Imagine hiring a plumber to come to your home. That person stumbles and falls. Or, they causes a pipe to burst, spraying water throughout the home. When situations like this occur, your home insurance may be there to help you recover from the loss. What happens next?
When The Contractor Has Insurance
When vetting any contractor for your home, determine if they have a valid license and insurance protection. An insured contractor is one with their own policy to cover most types of incidents that occur to them.
If you are working with a single professional, be sure that individual has business insurance, including liability coverage. If they are an employer, it is important to be sure the company has a policy to cover the person who comes to your home. The employer also need to have workers compensation coverage. This protects workers.
When the company has insurance, that insurance covers losses:
- Workers Compensation Insurancecovers the losses associated with the worker's injury. This may include losses such as injuries, lost time at work, and pain and suffering.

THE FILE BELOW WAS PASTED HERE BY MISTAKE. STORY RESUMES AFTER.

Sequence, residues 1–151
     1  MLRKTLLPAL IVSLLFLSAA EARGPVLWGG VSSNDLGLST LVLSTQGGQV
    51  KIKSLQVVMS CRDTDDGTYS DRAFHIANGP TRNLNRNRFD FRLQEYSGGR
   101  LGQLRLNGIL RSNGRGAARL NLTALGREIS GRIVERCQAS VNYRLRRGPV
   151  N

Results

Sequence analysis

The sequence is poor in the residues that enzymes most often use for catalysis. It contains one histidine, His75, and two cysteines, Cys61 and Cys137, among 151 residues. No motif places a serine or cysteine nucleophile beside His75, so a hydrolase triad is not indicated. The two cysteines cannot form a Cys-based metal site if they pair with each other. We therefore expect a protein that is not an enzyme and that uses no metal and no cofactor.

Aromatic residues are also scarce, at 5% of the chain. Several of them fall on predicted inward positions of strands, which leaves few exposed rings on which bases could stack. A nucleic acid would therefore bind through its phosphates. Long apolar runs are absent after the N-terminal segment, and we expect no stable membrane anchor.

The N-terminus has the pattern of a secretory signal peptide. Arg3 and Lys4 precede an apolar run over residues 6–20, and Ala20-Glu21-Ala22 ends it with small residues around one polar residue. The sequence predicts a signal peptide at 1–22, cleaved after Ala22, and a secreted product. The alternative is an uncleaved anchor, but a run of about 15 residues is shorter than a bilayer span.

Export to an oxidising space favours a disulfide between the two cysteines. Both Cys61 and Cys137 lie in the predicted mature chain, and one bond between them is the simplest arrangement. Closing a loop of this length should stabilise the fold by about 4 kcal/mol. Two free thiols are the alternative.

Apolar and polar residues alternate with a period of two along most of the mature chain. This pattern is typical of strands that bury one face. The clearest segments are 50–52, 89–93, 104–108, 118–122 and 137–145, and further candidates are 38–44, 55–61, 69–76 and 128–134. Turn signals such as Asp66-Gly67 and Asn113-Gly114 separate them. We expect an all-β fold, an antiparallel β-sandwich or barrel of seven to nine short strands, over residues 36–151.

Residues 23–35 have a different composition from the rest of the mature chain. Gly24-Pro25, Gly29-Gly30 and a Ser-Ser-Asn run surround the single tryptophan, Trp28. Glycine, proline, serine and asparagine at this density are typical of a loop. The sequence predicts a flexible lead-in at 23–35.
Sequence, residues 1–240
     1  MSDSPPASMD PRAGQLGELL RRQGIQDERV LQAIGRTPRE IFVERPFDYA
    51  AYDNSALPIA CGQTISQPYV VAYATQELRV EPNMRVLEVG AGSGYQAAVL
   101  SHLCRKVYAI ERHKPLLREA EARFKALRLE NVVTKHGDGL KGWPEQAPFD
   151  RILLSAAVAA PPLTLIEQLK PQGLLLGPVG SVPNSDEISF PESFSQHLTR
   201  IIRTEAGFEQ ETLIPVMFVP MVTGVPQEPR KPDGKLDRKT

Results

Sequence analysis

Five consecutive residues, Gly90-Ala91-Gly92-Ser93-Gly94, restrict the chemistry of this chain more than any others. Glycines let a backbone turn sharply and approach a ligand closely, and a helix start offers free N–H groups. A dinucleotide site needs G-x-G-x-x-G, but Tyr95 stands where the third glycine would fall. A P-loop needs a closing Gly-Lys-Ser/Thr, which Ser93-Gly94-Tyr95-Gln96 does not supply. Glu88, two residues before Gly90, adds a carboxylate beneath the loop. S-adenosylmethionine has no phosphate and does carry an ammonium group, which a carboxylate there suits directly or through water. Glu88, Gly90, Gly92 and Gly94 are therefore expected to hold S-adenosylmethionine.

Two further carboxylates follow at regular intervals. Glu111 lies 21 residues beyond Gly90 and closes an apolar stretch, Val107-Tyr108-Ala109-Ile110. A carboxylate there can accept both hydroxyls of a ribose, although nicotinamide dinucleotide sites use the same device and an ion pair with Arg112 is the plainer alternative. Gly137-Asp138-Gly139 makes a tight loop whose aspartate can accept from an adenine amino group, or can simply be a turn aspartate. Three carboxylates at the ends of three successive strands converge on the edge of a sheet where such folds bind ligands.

- Liability Coverage might cover the damage to your home that the company causes. If the policy has property damage coverage, the policy can often assist.
Be sure to see documentation of the company's valid insurance plan. You can always verify the coverage by calling the company's insurance provider directly.
When The Plumber Does Not Have Coverage
Believe it or not, you may still be responsible for the individual's losses in this case. Your home insurance policy provides liability coverage for individuals injured on your property. If that plumber suffers a broken bone, for example, your insurance may cover the losses from the incident. This usually includes coverage for the single plumber as well as any employees.
The damage to your home also has some coverage. Typically, your policy will pay for the repairs necessary on your home if a contractor causes them. For example, if poor workmanship causes you to suffer financial loss, the policy may offer some coverage. This helps you to get the repairs underway.
Yet, your insurance carrier may decide to take legal action to force the plumber to pay for your losses. This would help the carrier to prevent losses. In such a case, the contractor's liability coverage might pay for the damage.
The best option is to do a good job of vetting those you work with before you bring them into your home. Verifying insurance protection is important. If possible, you do not want your home insurance to have to cover such losses — as it can drive up your costs in the long term